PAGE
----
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    I was talking about the extremely popular blues, that is used in rock, not talking about ethnic music. Just trying to be nice.

    Also, what is v. equal?
     
  10. klasaine

    klasaine Poster Extraordinaire

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    Just intonation versus Equal temperament.
     
  11. Larry F

    Larry F Doctor of Teleocity Vendor Member

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    Not to get too far afield, but when I play a C blues, I often regard Eb to E as filled with as many microtones as I want. They all sound good, whether as standalone notes or notes within a microtonal passage. Same thing with F to G. Anything in between those notes has some interesting expressive colors.

    Lately, it seems as if I have been reading on the internet that some guitar players regard Eb as a too low major third. I think it is a mistake to assume that.
     
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  12. klasaine

    klasaine Poster Extraordinaire

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    Ha, ha!
    The internet is a helluva place sometimes.
     
  13. ahnadr

    ahnadr TDPRI Member Silver Supporter

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    Instead of thinking of those shapes as "other" modes, one could see them as different positions/ inversions of the major. Either way if you are going to use more than four of those frets those other patterns are needed.
     
  14. picknfool

    picknfool Tele-Holic

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    I don't see all modes as equally useful. I use Ionan(I Maj), Dorian (ii min), Mixolydian (VMaj -Dom7), and Aeolian (vi min) extensively, the others not very often.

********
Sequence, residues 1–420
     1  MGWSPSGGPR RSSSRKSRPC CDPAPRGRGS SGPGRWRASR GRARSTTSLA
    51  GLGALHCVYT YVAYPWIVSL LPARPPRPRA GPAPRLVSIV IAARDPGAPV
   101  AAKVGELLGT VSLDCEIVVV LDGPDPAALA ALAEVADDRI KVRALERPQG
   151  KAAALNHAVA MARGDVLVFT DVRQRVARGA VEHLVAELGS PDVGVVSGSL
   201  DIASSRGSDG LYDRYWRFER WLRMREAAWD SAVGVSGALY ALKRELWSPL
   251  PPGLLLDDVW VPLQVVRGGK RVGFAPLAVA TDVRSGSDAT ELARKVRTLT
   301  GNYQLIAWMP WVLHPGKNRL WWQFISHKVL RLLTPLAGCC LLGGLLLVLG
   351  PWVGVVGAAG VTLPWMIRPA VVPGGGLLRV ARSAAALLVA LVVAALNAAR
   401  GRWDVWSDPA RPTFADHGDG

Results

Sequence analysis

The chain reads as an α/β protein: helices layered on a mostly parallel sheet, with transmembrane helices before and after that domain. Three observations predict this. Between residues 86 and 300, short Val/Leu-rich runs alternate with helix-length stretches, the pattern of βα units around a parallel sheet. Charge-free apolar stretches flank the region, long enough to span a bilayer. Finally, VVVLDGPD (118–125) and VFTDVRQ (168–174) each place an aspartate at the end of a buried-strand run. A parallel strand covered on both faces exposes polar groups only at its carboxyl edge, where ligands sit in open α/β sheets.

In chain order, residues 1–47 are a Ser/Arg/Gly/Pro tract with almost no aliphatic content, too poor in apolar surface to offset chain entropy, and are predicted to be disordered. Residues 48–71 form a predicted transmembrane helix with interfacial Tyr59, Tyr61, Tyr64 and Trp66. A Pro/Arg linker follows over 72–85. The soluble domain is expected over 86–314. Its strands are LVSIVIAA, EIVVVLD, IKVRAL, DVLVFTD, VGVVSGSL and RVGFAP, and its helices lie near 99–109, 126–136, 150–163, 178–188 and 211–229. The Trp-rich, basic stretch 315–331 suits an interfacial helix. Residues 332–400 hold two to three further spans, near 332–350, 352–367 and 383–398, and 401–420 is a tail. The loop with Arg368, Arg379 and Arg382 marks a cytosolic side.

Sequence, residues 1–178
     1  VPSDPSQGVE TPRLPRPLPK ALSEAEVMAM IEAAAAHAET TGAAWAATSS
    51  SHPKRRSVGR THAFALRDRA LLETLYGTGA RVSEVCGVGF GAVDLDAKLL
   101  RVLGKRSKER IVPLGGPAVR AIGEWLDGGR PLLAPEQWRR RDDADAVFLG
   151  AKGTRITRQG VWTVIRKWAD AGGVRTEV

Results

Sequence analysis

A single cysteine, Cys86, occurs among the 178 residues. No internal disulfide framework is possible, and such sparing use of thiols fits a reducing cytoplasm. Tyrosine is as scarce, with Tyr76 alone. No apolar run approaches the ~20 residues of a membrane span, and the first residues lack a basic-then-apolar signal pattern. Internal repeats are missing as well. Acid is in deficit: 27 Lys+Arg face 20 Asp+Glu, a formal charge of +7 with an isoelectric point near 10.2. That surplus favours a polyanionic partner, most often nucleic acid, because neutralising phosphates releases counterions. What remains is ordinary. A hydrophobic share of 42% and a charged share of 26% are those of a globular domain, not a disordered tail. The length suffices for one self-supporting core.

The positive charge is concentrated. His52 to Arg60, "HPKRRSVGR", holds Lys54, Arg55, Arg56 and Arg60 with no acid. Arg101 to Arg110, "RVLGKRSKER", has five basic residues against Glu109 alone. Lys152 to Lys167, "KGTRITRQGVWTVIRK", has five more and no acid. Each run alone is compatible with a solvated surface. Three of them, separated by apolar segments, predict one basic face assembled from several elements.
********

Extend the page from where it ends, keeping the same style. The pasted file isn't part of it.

15. Televised

    Televised Friend of Leo's

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    Me too! With Minor Pentatonic, Major Pentatonic, and Blues Scale thrown in with some form of random juggling about with all of them.
     
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  16. Larry F

    Larry F Doctor of Teleocity Vendor Member

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    Hypothetical question. When you say you use the dorian mode in your playing, what do you mean by that? This is directed toward any and all.
     
  17. klasaine

    klasaine Poster Extraordinaire

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    When 'I' say it, it means that I am emphasizing the the natural 6th and the b7th degrees in relation to the root, 3rd and many times the 2nd over (generally) a minor 7th or minor 9th chord. These are the tones that make it "Dorian" minor as opposed to Aeolian, Harmonic or Melodic minor.